Primary branchiogenic carcinoma is a rare condition. In fact, most of the cases that were previously reported as such were actually cystic metastases of oropharyngeal carcinomas. We report a true case of primary branchial cleft cyst carcinoma. Our patient was a 42-year-old woman who presented with a painless fluctuant swelling in the right side of her neck. The lesion was completely excised, and pathology identified it as a squamous cell carcinoma in a branchial cleft cyst. Patients with this condition require a careful evaluation of the entire head and neck region, especially the oropharynx, to look for any cystic metastasis of the primary tumor.

Cochlear fistula in a noncholesteatomatous ear

September 17, 2014     Yoav Hahn, MD; Dennis I. Bojrab, MD

Abstract

Bony destruction of the labyrinth is usually associated with long-standing cholesteatomatous otitis media. The promontory is not a common site for bone resorption because (1) it is not an area that is involved in accumulation of cholesteatoma perimatrix substances, (2) it is the densest bone of the human body, and (3) pressure necrosis from overlying tissue is uncommon. We report a case of cochlear erosion associated with noncholesteatomatous middle ear disease. As far as we know, this is only the second such case reported in the literature. We also review decision-making factors and techniques for the safe management of this condition.

Plummer-Vinson syndrome following gastric bypass surgery

September 17, 2014     Andrew Sapthavee, MD; Matthew L. Kircher, MD; Lee M. Akst, MD

Abstract

Plummer-Vinson syndrome (PVS) is the combination of dysphagia, angular cheilitis, atrophic glossitis, and esophageal webbing in the setting of iron deficiency anemia. Although it is relatively uncommon, this condition is important to recognize because it is a source of dysphagia and it confers an increased risk for hypopharyngeal cancer. Cases of PVS associated with gastrointestinal conditions such as celiac disease and gastric cancer have been previously reported in the literature, but as far as we know, no case of PVS associated with bariatric surgery has been previously reported. We describe the case of a 39-year-old woman who developed PVS following gastric bypass surgery, and we briefly discuss the current knowledge of this syndrome.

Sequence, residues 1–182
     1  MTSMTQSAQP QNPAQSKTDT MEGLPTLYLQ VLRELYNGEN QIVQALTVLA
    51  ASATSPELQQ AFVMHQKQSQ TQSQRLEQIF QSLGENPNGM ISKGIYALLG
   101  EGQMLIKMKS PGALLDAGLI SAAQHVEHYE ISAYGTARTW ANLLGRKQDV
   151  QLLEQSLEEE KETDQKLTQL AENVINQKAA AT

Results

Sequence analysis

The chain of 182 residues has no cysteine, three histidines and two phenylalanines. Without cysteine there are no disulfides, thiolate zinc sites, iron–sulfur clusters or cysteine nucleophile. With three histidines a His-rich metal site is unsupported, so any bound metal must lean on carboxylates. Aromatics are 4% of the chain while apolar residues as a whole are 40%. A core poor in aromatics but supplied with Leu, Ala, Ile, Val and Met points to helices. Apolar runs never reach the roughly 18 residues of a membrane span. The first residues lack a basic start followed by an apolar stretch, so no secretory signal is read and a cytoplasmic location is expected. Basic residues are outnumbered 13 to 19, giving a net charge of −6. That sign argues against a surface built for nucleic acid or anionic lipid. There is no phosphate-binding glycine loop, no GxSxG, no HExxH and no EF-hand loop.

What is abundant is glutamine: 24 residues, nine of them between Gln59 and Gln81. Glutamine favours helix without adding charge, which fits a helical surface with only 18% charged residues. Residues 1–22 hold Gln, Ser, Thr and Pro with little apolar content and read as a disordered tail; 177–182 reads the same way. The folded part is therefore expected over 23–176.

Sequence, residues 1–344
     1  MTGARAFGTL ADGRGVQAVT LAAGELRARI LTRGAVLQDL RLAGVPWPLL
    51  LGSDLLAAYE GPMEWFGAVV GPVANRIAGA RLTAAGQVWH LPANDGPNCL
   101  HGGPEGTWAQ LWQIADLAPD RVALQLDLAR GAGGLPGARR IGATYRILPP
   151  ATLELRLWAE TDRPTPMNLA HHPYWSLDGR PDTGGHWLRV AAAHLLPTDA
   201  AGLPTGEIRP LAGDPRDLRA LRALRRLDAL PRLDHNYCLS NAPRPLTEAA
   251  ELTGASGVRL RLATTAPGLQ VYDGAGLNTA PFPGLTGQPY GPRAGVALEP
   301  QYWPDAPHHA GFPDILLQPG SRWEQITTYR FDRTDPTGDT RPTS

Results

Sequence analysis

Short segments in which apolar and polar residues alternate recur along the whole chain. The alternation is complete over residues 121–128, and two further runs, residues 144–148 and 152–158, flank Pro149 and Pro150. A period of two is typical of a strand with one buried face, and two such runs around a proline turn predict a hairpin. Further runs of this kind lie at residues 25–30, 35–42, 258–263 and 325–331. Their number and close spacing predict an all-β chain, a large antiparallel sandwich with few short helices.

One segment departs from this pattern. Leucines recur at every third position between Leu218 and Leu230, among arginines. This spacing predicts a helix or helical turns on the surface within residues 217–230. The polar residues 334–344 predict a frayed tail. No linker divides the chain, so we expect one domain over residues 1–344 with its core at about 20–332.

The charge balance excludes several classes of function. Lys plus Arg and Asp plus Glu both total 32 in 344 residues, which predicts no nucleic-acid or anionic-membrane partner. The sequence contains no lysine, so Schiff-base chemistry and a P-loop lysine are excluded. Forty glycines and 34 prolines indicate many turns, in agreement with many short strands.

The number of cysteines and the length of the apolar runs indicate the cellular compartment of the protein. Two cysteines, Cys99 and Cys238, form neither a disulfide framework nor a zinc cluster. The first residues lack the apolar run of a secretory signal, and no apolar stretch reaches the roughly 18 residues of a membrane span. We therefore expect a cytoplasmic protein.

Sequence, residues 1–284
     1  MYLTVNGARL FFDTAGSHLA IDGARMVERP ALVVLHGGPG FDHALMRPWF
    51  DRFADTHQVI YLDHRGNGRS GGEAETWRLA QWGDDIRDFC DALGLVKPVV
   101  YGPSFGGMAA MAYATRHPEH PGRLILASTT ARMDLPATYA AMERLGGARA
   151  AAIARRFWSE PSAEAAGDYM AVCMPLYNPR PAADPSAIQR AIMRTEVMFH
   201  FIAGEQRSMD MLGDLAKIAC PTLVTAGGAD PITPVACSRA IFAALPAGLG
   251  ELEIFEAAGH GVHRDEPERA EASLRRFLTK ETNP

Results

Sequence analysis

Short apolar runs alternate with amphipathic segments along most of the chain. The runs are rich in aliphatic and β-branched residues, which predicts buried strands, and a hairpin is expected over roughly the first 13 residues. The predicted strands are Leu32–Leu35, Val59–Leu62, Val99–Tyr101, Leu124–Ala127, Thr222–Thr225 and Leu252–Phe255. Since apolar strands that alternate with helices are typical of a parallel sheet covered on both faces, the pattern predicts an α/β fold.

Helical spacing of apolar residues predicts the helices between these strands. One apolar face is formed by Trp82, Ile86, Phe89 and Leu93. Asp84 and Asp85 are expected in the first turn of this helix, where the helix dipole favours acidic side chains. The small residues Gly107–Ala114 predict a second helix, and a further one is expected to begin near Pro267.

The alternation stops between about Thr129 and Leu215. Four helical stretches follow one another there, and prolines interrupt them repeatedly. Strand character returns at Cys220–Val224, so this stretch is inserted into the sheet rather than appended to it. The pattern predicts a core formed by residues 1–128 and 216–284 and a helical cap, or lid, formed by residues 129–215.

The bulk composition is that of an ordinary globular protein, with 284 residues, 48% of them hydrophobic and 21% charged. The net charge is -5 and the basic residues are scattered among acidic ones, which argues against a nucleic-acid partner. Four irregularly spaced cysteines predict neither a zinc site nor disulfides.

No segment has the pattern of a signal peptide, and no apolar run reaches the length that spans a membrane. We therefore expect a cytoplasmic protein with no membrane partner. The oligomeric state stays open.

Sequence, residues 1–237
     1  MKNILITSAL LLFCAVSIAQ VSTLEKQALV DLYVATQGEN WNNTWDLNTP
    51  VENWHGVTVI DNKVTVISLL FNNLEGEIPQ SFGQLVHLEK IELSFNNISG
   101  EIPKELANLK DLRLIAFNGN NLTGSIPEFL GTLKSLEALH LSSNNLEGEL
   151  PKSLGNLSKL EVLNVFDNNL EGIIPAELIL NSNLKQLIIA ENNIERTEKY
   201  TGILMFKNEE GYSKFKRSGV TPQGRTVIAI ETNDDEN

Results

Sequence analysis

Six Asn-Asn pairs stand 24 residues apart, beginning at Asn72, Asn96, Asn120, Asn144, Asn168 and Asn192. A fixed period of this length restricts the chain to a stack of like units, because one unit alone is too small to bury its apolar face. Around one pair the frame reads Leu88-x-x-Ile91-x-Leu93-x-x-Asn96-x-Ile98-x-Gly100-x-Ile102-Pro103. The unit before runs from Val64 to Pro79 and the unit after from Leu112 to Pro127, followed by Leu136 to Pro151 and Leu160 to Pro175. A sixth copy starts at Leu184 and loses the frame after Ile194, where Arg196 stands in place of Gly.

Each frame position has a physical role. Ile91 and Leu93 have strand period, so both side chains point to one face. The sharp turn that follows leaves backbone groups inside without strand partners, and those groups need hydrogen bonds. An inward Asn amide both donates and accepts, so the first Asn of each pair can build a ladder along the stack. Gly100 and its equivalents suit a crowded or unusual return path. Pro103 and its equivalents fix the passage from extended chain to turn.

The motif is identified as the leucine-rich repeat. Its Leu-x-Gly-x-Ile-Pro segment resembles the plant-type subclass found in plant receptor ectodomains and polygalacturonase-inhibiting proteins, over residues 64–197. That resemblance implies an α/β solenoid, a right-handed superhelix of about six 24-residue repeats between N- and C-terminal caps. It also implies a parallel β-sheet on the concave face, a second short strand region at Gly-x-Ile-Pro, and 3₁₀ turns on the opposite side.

Bilateral nontuberculous mycobacterial middle ear infection: A rare case

September 17, 2014     Ing Ping Tang, MS; Shashinder Singh, MS; Raman Rajagopalan, MS

Abstract

Nontuberculous Mycobacterium (NTM) middle ear infection is a rare cause of chronic bilateral intermittent otorrhea. We report a rare case of bilateral NTM middle ear infection in which a 55-year-old woman presented with intermittent otorrhea of 40 years' duration. The patient was treated medically with success. We conclude that NTM is a rare but probably under-recognized cause of chronic otitis media. A high index of suspicion is needed for the diagnosis to avoid prolonged morbidity. Treatment includes surgical clearance of infected tissue with appropriate antimycobacterial drugs, which are selected based on culture and sensitivity.

Solitary myofibroma of the oropharynx causing airway obstruction in an adult

September 17, 2014     Harrison W. Lin, MD; David Jung, MD, PhD; Linda N. Lee, MD; Peter M. Sadow, MD, PhD; James W. Rocco, MD, PhD

Abstract

Myofibromas are benign neoplasms believed to be the most common fibrous proliferation of childhood. We present an unusual case of a 44-year-old woman who developed acute airway obstruction from a myofibroma in the oropharynx and accordingly required emergent tracheotomy tube placement. Serial laser excisions to adequately remove the entire lesion while maintaining pharyngeal structure and function were performed, and the patient was successfully decannulated. To date she has remained free of signs and symptoms of recurrence. Although rare in adults, solitary myofibromas should be considered in the differential diagnosis of any subcutaneous or submucosal head and neck lesion. Moreover, clinicians treating adult and pediatric patients with known solitary or multicentric forms of myofibroma should be aware of its potential for airway obstruction. Patients found to have a pharyngeal myofibroma should be managed with airway stabilization, surgical excision with preservation of speech and swallow function, and close postoperative monitoring for recurrence.